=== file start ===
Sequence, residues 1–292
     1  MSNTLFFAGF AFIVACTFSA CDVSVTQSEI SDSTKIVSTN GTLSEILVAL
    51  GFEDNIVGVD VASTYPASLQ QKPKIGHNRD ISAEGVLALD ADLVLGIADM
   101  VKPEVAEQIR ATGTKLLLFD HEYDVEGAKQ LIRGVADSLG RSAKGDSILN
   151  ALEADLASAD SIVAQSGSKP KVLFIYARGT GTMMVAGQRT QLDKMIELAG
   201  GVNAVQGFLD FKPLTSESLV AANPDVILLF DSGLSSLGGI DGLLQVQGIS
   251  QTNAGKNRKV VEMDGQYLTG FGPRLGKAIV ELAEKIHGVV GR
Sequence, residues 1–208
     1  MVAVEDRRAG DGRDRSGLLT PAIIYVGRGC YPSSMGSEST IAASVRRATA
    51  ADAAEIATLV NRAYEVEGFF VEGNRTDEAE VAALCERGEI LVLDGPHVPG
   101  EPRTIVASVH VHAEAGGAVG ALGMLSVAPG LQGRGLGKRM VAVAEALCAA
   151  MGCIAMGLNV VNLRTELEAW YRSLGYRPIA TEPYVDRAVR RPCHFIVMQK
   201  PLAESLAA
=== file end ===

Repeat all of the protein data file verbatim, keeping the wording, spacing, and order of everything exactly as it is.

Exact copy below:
Sequence, residues 1–292
     1  MSNTLFFAGF AFIVACTFSA CDVSVTQSEI SDSTKIVSTN GTLSEILVAL
    51  GFEDNIVGVD VASTYPASLQ QKPKIGHNRD ISAEGVLALD ADLVLGIADM
   101  VKPEVAEQIR ATGTKLLLFD HEYDVEGAKQ LIRGVADSLG RSAKGDSILN
   151  ALEADLASAD SIVAQSGSKP KVLFIYARGT GTMMVAGQRT QLDKMIELAG
   201  GVNAVQGFLD FKPLTSESLV AANPDVILLF DSGLSSLGGI DGLLQVQGIS
   251  QTNAGKNRKV VEMDGQYLTG FGPRLGKAIV ELAEKIHGVV GR
Sequence, residues 1–208
     1  MVAVEDRRAG DGRDRSGLLT PAIIYVGRGC YPSSMGSEST IAASVRRATA
    51  ADAAEIATLV NRAYEVEGFF VEGNRTDEAE VAALCERGEI LVLDGPHVPG
   101  EPRTIVASVH VHAEAGGAVG ALGMLSVAPG LQGRGLGKRM VAVAEALCAA
   151  MGCIAMGLNV VNLRTELEAW YRSLGYRPIA TEPYVDRAVR RPCHFIVMQK
   201  PLAESLAA